New audit finds familiar VA troubles

Echoing the findings of a report by the Inspector General of the VA, a new audit given to President Obama found schedulers were pressured to make it look like veterans were not waiting as long for medical appointments, citing a "systemic lack of integrity."

The report, posted this morning on the VA website, said VA employees "felt compelled to manipulate VA scheduling processes."

"This behavior runs counter to our Core Values," the report concluded, saying, "the overarching environment and culture which allowed this state of practice to take root must be confronted head-on if VA is to evolve to be more capable of adjusting systems, leadership, and resources to meet the needs of Veterans and families."

"I can't explain the lack of integrity among some of the leaders of our health care facilities," said VA Secretary Eric Shinseki, just two hours before he offered his resignation to the President.

"This is something I rarely encountered during 38 years in uniform," Shinseki added.

But this latest report confirms that schedulers at the VA have used a series of administrative tricks for years to hide treatment delays, something Shinseki thought was confined just to VA facilities in Phoenix.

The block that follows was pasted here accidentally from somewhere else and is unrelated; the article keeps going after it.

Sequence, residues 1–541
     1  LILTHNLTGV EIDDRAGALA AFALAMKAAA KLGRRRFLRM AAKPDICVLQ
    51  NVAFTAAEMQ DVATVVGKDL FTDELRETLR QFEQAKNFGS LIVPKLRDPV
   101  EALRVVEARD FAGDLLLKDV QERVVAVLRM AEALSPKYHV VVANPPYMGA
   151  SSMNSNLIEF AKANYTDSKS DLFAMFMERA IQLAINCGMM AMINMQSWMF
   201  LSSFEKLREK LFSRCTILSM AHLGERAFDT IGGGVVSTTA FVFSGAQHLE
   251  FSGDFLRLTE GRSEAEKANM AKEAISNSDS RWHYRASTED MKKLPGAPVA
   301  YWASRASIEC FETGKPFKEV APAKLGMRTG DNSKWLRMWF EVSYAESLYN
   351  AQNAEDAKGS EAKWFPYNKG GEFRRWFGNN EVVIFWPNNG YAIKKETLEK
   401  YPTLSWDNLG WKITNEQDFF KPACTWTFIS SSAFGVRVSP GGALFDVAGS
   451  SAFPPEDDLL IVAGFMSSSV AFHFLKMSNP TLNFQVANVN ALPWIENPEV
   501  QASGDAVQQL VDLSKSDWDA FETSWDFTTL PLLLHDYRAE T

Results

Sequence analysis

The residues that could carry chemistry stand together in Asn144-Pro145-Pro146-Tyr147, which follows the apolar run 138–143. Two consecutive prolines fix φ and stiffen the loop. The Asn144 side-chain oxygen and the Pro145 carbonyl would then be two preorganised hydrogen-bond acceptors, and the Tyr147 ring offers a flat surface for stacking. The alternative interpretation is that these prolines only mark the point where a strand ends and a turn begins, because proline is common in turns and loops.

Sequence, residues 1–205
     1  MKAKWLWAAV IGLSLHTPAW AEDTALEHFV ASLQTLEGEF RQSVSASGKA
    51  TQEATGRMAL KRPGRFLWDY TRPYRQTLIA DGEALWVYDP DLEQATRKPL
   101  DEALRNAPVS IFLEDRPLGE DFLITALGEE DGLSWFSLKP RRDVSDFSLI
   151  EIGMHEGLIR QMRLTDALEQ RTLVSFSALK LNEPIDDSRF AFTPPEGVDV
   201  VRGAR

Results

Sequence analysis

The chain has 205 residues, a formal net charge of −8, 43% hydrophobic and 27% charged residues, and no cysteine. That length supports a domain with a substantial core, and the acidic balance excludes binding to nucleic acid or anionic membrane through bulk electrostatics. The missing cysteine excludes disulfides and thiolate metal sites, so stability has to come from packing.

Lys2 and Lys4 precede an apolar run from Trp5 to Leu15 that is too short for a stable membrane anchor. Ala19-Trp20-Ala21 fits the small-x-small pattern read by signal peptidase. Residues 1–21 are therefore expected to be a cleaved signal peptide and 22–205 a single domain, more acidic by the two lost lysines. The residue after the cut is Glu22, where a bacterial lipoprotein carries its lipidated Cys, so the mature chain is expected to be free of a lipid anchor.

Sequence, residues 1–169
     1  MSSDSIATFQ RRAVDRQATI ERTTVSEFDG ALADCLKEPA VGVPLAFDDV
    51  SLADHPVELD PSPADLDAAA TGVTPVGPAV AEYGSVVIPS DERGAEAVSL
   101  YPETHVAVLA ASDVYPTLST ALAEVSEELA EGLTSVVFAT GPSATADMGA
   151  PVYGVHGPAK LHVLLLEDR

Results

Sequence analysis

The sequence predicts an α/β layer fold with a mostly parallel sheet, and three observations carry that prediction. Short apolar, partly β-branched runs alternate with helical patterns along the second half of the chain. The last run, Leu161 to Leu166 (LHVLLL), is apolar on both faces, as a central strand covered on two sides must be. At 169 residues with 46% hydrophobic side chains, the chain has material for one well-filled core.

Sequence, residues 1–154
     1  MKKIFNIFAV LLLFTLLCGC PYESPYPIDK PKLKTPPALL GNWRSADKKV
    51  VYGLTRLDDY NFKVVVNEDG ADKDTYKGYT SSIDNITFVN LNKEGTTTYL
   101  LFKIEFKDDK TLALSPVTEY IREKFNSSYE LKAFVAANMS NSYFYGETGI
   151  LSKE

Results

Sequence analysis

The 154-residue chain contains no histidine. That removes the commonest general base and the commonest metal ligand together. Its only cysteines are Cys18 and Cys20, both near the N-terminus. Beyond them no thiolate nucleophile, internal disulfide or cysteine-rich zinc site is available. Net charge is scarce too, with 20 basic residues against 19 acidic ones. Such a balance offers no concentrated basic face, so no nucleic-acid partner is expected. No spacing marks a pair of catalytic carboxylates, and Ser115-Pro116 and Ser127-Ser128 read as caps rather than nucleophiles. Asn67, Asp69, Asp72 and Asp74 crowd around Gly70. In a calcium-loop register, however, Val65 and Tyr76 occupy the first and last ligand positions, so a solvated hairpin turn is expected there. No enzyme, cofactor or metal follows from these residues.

"I think he is deeply disappointed in the fact that bad news did not get to him," President Obama told reporters, as he announced Shinseki's departure.

Among the findings of this latest audit:

+ 13% of scheduling staff interviewed indicated they had been instructed to enter different dates in the VA computer system to make any treatment delays look smaller to top executives

+ 64% of major VA facilities were found to have schedulers who indicated they had been pressured to change such dates

+ 62% of major VA facilities had schedulers who used alternative external waiting lists, which would also reduce apparent treatment delays

The report also said that the effort to tie bonuses to wait times, that had a negative effect on appointments.

"However, when tied to rewards, measurement of system performance runs the risk of engendering a culture where the appearance of success becomes the driving force," the report stated.